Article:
Rapper Ozi Batla has long been known for speaking out on social issues. His band The Herd are well known for tracks such as “77%” ― which features the line “77% of Aussies are racist”, in response to an opinion poll result on the treatment of refugees during the Howard years.
The Herd's “Burn Down the Parliament” caused controversy when it was coincidentally released the same week as the 2003 Canberra bush fires.
In 2009, The Herd pulled out of a festival after discovering it was the “brainchild” of Andrew Garratt, the community relations officer at the Dalrymple Bay Coal Terminal. The band refused to play a coal industry gig.
Ozi Batla's debut solo album Wild Colonial, released last year, addressed the struggles faced by Australian battlers, black and white.
On June 30 in Sydney and July 7 in Melbourne, he headlines the “Three Things Hip Hop Approach”, an event that gets Australian hip hop acts talking about their opinions and solutions to global poverty and injustice.
Artists including The Last Kinection, Dialectrix and Thundamentals will jam on the three things they can do to help change the world for the better.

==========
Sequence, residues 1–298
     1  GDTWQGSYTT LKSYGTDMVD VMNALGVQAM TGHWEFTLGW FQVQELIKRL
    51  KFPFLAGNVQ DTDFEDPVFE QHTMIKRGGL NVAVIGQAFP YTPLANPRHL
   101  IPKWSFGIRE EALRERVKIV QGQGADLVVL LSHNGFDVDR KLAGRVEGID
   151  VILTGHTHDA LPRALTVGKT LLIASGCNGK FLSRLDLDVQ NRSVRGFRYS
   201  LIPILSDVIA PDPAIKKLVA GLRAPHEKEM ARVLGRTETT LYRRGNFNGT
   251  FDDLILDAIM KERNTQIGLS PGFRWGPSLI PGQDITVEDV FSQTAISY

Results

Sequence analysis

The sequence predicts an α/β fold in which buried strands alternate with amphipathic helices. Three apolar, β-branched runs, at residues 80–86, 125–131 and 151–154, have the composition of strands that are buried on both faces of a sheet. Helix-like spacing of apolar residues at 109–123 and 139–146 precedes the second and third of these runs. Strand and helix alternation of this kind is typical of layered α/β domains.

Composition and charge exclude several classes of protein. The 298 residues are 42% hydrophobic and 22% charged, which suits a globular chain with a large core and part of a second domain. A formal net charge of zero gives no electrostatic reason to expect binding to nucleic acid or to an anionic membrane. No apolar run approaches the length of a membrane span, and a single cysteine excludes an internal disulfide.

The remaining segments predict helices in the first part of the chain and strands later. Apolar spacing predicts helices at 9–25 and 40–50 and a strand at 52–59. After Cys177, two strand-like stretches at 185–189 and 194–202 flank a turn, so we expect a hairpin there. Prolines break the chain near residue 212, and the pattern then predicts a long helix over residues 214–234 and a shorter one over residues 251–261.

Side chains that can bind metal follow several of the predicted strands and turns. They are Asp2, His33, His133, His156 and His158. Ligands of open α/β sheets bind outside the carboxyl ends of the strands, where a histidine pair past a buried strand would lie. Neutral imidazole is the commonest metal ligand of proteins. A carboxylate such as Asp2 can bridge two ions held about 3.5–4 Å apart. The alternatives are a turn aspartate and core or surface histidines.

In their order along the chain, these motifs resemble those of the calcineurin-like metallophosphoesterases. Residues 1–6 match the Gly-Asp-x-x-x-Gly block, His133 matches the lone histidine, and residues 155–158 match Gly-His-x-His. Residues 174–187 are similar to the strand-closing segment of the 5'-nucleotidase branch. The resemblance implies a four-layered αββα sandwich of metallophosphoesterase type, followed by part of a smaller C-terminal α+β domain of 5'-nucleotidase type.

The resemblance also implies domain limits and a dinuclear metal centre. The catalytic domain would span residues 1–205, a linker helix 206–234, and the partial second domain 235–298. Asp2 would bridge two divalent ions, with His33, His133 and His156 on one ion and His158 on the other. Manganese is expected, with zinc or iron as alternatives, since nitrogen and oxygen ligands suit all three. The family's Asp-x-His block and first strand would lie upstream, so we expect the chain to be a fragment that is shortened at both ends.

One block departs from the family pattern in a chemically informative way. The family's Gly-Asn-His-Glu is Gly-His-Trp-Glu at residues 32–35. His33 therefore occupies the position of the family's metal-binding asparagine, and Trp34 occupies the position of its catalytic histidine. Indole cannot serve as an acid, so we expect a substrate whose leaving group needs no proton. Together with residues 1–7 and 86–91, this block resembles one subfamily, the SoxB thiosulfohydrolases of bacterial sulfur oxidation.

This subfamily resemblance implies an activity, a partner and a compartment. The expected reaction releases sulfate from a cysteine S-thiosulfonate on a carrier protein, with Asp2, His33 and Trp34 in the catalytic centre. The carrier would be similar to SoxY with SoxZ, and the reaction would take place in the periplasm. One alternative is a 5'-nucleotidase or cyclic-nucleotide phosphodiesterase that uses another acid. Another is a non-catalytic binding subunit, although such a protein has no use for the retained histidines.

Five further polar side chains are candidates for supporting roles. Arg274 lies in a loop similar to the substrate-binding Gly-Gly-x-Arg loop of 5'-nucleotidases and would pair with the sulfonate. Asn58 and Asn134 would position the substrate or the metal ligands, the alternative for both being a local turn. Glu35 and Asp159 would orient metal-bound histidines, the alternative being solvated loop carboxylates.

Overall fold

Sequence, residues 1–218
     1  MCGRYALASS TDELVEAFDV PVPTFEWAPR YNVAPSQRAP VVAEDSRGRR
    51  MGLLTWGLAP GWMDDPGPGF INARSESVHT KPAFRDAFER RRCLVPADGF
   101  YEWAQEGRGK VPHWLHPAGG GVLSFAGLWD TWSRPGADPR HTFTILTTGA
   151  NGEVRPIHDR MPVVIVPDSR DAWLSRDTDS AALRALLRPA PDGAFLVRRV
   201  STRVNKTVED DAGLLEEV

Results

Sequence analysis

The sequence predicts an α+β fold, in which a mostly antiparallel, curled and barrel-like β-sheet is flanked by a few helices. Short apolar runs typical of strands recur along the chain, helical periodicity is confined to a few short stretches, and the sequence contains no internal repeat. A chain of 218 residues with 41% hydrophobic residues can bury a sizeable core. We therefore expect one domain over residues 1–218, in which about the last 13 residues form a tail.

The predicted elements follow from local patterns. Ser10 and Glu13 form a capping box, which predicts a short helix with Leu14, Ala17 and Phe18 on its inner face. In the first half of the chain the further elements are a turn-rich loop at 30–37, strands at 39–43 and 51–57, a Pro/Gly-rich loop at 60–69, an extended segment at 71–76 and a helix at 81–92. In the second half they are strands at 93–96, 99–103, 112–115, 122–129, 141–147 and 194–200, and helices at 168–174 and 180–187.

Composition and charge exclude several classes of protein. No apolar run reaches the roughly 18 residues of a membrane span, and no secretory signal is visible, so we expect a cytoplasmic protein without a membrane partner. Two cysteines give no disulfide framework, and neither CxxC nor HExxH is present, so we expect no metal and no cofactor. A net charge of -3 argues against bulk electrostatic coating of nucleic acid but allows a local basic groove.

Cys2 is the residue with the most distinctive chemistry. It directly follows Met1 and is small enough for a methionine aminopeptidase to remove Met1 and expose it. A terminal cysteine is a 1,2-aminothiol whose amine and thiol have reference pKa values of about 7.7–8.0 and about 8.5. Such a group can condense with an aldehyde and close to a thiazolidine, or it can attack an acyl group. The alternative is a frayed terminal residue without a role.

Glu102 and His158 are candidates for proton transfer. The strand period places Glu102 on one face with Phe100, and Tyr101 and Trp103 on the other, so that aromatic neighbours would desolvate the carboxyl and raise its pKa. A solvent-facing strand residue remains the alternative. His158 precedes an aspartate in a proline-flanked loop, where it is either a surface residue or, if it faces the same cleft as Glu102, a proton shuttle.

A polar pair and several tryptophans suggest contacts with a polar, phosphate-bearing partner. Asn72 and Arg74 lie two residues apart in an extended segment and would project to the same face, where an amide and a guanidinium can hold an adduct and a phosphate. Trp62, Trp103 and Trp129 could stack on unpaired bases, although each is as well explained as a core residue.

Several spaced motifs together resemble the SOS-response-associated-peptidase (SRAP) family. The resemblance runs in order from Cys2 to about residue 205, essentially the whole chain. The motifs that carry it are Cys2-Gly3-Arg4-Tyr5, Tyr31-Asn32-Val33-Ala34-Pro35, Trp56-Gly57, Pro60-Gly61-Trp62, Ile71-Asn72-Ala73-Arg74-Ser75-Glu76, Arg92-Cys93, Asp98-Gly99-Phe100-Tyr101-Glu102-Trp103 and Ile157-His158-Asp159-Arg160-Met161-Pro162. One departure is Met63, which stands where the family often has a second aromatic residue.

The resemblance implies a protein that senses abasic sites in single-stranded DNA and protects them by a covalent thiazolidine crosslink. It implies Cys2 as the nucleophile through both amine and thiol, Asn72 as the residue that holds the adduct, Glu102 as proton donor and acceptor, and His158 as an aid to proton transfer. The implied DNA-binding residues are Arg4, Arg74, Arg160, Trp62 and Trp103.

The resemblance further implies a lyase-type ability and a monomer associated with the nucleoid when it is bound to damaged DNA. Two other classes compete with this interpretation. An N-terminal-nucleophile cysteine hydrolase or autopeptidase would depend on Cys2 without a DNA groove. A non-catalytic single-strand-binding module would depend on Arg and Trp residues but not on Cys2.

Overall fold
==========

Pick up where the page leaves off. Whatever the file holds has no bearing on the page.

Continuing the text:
Green Left Weekly's Mat Ward asks Ozi Batla to give three answers to three different questions.
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1. Tell us three things you recommend doing to help change the world for the better.
1. Educate yourself ― if you don't know what you're talking about, don't make a fool of yourself.
2. Find what your passion is and follow it.
3. Put yourself in someone else's shoes.
2. Tell us your three favourite new releases for conscious listening and why you chose them.
1. Pharaoh Monch, War ― He's stayed hardcore and works his very clear message into the format.
2. Gil Scott-Heron (RIP), I'm New Here ― A true innovator and one of the most important artists of our time. He will be sorely missed.
3. The Herd, untitled new album ― Because no one else is doing it in Australia like we are!
3. Tell us your three favourite media outlets and why.
1. The ABC ― Apart from a tendency to “balance” news with conservative points of view, across all formats its still the most balanced news service in the country.
2. The British Guardian ― Fantastic breadth of subject matter and some of the best writers in the world.
3. The Australian Financial Review ― Well written, comprehensive, and it's good to know your enemy.
[Three Things' Hip Hop Approach: Oxford Art Factory, Sydney, Thursday June 30, doors open 8pm, $5 on the door; Prince Bandroom, St Kilda, Thursday July 7, doors open at 8pm, $5 on the door.]
'Put it on Wax', the lead single from Oz Batla's album Wild Colonial.